About the Author
View more articles by Dagyum Ji
Dagyum Ji is a senior NK News correspondent based in Seoul. She previously worked for Reuters TV.
Over 28,000 North Koreans contracted Influenza A in just one week last month, the International Federation of Red Cross and Red Crescent Societies (IFRC) said on Thursday, suggesting the country is undergoing a “rapidly developing outbreak.”
The IFRC has issued an Emergency Plan of Action (EPoA) on the outbreak of Influenza A (H1N1), following the DPRK Ministry of Public Health (MoPH)’s announcement on January 26 that 81,640 North Koreans were suffering from the flu.
Between 17 and 23 January, there was additional 51,685 suspected cases and new 28,375 infectees, the IFRC reported.
Information handed to the World Health Organisation (WHO) by the MoPH on January 25 showed 178,259 influenza-like illness (ILI) cases and 110,015 laboratory-confirmed cases of influenza A across the country.
“It is worth noting that due to lack of testing equipment the actual figure of cases positive for H1N1 is likely to be higher,” the report stipulated. “MoPH figures point to a rapidly developing outbreak.”
The graph showed that the number of suspected cases rose in all provinces and in the major cities of Pyongyang, Nampo, and Rason.
Pyongyang accounted for 16.90 percent of 51,685 suspected cases – the highest of all provices.
The DPRK Red Cross Society (RCS) has selected three provinces – South Hamgyong, North and South Phyongan – as “priority areas to support the response in the prevention and control of the influenza outbreak.”
The WHO has dispatched a total of 6500 dosages of Oseltamivir, an antiviral drug, which were scheduled to be delivered to the country during the final week of January and first week of February.
The MoPH has asked the WHO to provide 30,000 of the tablets.
The EPoA will also target “373,000 direct beneficiaries and 2.5 million indirect beneficiaries, who are living in high-risk provinces for Influenza A outbreak.”
“The objective is to reduce the morbidity and mortality of the targeted population due to Influenza A outbreak during the project period.”
The project is expected to continue for four months until June 7 this year and will require CHF303,779 (around USD $324,064) in Disaster Relief Emergency Funds (DREF).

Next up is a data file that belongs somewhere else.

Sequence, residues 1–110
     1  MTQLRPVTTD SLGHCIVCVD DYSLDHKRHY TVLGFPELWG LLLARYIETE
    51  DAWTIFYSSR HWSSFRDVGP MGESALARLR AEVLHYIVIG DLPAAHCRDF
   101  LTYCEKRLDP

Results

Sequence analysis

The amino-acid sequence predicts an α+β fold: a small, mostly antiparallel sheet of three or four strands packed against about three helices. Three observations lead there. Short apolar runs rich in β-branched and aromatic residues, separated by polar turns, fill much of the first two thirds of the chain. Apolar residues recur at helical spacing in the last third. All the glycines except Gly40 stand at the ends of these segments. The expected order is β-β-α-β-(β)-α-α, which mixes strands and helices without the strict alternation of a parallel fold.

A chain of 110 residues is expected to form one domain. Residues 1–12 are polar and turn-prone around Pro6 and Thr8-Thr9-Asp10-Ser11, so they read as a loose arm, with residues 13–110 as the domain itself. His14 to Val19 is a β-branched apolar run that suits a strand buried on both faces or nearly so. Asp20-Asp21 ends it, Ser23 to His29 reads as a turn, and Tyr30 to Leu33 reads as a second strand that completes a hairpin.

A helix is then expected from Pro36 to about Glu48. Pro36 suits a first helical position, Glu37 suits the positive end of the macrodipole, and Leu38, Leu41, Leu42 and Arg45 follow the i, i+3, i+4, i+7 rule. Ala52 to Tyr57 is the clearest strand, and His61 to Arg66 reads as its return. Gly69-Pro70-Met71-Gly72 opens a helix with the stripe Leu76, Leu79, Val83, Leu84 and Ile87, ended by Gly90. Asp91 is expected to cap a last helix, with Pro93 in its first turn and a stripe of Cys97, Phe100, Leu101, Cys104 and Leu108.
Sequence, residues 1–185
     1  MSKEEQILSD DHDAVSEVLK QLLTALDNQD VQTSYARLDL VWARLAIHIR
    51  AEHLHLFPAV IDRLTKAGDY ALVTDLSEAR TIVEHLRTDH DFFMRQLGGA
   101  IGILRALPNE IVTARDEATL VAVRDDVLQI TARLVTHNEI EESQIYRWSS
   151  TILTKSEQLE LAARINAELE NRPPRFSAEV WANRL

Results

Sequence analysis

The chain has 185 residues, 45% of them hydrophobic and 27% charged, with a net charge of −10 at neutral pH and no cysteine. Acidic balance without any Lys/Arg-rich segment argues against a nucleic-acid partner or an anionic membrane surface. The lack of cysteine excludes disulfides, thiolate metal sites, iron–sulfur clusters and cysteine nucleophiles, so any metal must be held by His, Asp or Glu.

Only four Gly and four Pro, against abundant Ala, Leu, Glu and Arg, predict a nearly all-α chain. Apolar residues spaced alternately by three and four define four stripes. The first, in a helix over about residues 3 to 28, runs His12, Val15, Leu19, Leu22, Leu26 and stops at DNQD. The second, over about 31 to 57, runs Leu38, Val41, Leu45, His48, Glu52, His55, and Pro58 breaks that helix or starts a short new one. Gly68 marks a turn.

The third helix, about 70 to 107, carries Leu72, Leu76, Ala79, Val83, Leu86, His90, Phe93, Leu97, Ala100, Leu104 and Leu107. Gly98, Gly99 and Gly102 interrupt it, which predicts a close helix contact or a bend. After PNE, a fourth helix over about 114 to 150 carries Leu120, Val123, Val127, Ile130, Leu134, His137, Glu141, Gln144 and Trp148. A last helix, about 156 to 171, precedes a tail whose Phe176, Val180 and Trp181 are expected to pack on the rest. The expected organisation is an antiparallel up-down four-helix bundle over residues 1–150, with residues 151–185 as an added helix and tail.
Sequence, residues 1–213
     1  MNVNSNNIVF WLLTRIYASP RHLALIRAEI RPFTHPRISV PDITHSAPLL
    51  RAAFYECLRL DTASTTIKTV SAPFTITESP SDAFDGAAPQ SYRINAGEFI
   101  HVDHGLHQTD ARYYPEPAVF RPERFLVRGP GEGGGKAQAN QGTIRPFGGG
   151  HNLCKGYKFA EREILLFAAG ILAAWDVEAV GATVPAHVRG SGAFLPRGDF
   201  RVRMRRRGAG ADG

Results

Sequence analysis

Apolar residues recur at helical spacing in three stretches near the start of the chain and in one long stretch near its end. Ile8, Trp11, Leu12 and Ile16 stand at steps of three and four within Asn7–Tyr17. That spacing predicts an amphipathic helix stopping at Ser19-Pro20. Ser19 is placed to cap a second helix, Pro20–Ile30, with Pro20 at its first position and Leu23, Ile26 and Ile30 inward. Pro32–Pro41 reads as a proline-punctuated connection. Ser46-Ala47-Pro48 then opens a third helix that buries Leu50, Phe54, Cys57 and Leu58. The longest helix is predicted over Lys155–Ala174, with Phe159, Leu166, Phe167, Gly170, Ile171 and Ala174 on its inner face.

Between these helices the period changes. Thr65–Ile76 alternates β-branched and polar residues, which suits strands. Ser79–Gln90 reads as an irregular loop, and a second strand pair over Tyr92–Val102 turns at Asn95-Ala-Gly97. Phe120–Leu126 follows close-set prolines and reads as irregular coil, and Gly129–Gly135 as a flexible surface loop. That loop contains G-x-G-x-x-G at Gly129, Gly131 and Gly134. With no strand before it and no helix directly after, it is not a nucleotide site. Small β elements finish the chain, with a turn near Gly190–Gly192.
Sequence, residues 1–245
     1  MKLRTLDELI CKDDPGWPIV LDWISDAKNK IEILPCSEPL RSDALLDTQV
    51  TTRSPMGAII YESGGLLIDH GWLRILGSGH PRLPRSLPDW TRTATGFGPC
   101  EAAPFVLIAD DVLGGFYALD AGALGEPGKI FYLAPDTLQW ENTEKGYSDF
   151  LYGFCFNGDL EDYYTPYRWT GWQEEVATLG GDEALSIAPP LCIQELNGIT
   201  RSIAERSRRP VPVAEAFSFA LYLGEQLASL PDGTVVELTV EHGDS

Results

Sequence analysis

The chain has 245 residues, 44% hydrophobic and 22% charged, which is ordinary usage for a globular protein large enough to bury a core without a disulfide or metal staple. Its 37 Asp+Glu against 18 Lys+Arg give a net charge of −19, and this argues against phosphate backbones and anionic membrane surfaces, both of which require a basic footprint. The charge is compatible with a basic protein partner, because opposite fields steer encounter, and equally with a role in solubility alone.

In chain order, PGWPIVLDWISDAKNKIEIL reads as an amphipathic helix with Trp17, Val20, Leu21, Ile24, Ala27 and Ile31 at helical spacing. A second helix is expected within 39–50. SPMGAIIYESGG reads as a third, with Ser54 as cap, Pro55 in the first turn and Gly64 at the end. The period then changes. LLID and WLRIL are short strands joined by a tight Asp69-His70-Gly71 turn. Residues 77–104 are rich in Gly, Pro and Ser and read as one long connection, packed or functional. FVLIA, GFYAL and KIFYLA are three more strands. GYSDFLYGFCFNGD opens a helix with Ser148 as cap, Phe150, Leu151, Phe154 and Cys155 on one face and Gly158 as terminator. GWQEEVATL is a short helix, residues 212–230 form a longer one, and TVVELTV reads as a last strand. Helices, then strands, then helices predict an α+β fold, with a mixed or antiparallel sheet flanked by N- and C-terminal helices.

North Korea will “procure and distribute non-food items for 500 health institutions in three highly affected provinces.”
UN Security Council (UNSC) sanctions, the IFRC said, were also increasingly hampering disease control efforts within the country.
“Unfortunately, due to the imposition of sanctions the population in DPRK has not been able to benefit from vaccination against seasonal influenza,” the organization said.
“Additionally, the response to the current outbreak has been complicated due to the severe shortage of antiviral medicine, rapid testing kits and personal protective equipment (PPE) and hand sanitizer.”
North Korean outlet Dawn on Wednesday released a rare report admitting to an outbreak of serious flu as having occurred in December 2017.
The online outlet said Pyongyang had “urgently organized” a non-permanent State Emergency Anti-Epidemic Committee to prohibit new-type influenza.
North Korea also suffered an outbreak of influenza in 2009, when the government asked the WHO to help prevent the spread of the so-called swine flu.
At the time, the Korean Central News Agency (KCNA) released a statement admitting to the outbreak of H1N1 “in some areas of the DPRK.”
The Rodong Sinmun in January reported that emergency quarantine measures have been taken “more strictly” at entry points including airports and ports to prevent the outbreak of the new-type flu.
There was no mention in the article, however, of the number of North Koreans affected.
Edited by Oliver Hotham
Featured Image: UNICEF